There’s a 43% performance boost when jumping from the 3300X to the 3600, the 30% from the 3600 to the 3700X, 48% from the 3700X to the 3900X and then a 27% jump from the 3900X to the 3950X. Some of those margins will be influenced by frequency, but overall pretty much what you’d expect to see.

Looking at the maximum single core turbo frequency, while not the same frequencies that would have been seen for the all-core workload. This is exactly what you’d expect to see, the 3300X clocks 100 MHz higher than the 3600 and therefore overtakes it for single-core workloads. Then we see a 100 – 200 MHz increase between the Ryzen 7 and 9 models, so they scale accordingly.

The 7-zip compression results are interesting as this test doesn’t take full advantage of SMT (simultaneous multithreading), at least for the higher core count parts. We’re seeing a 35% performance boost when jumping from the 3300X to the 3600, 28% from the 3600 to the 3700X, 39% from the 3700X to the 3900X and then just a 16% jump from the 3900X to the 3950X. The 16-core, 32-thread 3950X isn’t well leveraged here, so let’s take a look at the decompression results which do make far better use of SMT.

This is scaling more in line with our Cinebench R20 results, where we see a 50% increase in core count, going from the 3300X to the 3600 and from the 3700X to the 3900X we see a ~50% increase in performance or thereabouts.

Blender can also take full advantage of core-heavy processors, right up to the 64-core Threadripper 3990X. As a result, performance scales accordingly. That said, while the 3900X will reduce the render time from the 3700X by 33%, we’re only seeing a 22% reduction when jumping up to the 3950X from the 3900X. If time is money, then the 3950X makes sense, but here we see diminishing returns past the Ryzen 9 3900X.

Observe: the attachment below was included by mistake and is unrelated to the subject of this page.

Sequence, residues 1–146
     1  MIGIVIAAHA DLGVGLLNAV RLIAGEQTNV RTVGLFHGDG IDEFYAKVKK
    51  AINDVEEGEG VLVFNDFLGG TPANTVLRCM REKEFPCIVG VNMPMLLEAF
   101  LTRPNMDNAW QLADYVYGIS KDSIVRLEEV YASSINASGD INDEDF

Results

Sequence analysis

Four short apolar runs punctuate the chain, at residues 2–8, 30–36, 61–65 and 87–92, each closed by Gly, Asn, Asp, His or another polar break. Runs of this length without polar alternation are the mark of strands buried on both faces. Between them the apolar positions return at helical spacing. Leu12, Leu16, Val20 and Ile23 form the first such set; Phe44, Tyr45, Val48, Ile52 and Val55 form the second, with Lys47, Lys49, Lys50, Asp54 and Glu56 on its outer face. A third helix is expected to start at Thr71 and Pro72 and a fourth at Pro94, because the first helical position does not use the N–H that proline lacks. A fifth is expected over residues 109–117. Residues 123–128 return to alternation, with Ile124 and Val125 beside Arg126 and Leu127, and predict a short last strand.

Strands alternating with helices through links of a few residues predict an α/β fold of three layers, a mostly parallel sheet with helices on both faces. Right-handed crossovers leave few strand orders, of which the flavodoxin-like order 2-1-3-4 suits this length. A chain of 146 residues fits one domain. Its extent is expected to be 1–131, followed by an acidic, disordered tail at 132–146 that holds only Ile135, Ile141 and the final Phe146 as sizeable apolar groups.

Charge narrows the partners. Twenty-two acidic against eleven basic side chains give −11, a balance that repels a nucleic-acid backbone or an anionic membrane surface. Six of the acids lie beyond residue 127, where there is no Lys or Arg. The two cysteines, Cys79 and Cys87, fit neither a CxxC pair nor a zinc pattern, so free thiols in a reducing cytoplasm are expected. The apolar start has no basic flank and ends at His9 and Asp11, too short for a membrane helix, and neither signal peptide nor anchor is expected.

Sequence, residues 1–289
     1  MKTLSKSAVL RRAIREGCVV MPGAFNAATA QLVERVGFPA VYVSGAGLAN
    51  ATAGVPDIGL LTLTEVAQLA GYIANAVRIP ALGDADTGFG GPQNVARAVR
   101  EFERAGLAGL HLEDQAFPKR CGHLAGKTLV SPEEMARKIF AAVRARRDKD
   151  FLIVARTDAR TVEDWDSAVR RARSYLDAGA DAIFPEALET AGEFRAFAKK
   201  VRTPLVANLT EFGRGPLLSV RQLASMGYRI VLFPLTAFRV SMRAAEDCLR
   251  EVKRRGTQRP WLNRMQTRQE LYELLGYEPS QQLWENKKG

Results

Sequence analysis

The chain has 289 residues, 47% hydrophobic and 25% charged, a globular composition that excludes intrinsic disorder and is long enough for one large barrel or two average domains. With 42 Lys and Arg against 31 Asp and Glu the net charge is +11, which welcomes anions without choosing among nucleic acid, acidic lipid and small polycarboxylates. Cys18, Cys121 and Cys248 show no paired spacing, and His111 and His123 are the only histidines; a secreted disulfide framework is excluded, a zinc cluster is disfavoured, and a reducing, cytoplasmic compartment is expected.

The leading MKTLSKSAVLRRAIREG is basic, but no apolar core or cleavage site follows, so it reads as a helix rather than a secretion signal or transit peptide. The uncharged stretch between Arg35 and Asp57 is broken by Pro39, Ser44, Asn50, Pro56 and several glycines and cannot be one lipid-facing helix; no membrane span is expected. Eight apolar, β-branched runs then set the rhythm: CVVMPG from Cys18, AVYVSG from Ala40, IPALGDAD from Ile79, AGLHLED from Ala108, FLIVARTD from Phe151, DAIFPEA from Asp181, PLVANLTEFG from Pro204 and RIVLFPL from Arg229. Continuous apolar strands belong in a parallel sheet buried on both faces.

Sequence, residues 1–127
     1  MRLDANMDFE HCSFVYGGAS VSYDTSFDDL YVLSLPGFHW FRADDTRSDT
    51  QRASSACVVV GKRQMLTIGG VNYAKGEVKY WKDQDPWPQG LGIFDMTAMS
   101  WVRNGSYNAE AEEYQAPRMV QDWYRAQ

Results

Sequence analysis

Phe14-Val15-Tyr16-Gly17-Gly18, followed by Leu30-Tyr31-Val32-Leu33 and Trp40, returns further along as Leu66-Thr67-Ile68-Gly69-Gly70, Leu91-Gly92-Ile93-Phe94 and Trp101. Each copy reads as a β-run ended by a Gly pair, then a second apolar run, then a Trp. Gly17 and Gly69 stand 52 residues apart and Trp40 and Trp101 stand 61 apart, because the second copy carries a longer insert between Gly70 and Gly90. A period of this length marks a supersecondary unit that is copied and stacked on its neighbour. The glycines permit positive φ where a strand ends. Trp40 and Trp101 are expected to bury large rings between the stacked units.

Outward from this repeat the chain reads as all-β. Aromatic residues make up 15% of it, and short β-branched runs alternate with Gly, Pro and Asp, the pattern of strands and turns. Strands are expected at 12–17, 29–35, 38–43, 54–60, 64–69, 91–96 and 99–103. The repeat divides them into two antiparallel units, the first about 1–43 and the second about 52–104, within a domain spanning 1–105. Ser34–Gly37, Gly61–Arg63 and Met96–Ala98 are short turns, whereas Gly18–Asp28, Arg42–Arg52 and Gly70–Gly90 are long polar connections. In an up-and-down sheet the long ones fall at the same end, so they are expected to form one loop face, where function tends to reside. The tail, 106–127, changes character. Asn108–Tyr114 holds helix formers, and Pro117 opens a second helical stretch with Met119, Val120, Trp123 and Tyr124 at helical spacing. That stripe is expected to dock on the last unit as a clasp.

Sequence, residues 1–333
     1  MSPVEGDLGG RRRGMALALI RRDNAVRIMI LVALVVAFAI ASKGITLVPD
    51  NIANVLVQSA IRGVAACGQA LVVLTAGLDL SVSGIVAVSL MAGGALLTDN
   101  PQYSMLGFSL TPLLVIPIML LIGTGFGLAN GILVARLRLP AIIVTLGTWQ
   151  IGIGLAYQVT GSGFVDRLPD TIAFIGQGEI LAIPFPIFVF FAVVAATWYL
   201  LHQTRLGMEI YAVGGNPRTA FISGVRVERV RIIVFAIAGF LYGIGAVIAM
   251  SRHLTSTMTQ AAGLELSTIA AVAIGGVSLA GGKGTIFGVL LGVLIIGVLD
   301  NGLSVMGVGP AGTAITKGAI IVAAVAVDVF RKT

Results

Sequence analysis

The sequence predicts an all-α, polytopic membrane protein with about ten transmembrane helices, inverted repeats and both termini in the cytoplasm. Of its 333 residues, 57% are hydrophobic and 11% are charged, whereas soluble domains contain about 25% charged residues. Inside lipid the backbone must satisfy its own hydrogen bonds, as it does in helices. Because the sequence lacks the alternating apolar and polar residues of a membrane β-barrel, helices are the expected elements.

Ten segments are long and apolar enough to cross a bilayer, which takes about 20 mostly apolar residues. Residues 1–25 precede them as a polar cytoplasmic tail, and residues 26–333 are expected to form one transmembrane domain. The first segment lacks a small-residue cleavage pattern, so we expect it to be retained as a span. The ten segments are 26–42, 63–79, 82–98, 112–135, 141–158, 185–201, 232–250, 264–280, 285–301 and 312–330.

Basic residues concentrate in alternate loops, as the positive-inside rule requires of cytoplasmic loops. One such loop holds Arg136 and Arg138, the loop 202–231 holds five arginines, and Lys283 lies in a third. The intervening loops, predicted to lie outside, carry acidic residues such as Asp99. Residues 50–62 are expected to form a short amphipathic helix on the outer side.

Moving from rendering to code compilation, evidently a very different kind of workload that yields very similar results. We observe a big 45% boost when moving from the 3300X to the 3600, while the upgrade to the 3700X is a lot less dramatic, yet still sizable at ~23%.

Then from the 3700X to the 3900X we see another massive 47% performance jump, and then we’re back to a 21% increase with the Ryzen 9 3950X. For productivity tasks, the 3900X appears to deliver that perfect balance of price and performance right now.

The DaVinci Resolve Studio 16 benchmark is interesting as this is a mixed workload test, it doesn’t peg these CPUs at 100% utilization from beginning to end, like all video production software, rather utilization is all over the place. The single biggest performance leap can be seen when upgrading from the 3300X to the 3600, but beyond that you get smaller increments from one series to the next.

Scaling in Adobe Premiere Pro goes more in line with the core increase. We’re seeing a ~20% boost for a 50% increase in cores, and a 10% boost for a 33% increase in cores. The 3950X offers the more marginal gains, but at the same time is also the outright fastest.

Adobe Photoshop is the first application in our suite where core-heavy processors are not that well utilized. We see just a 17% boost in performance from the 3300X to the 3950X, even though the Ryzen 9 processor packs four times as many cores.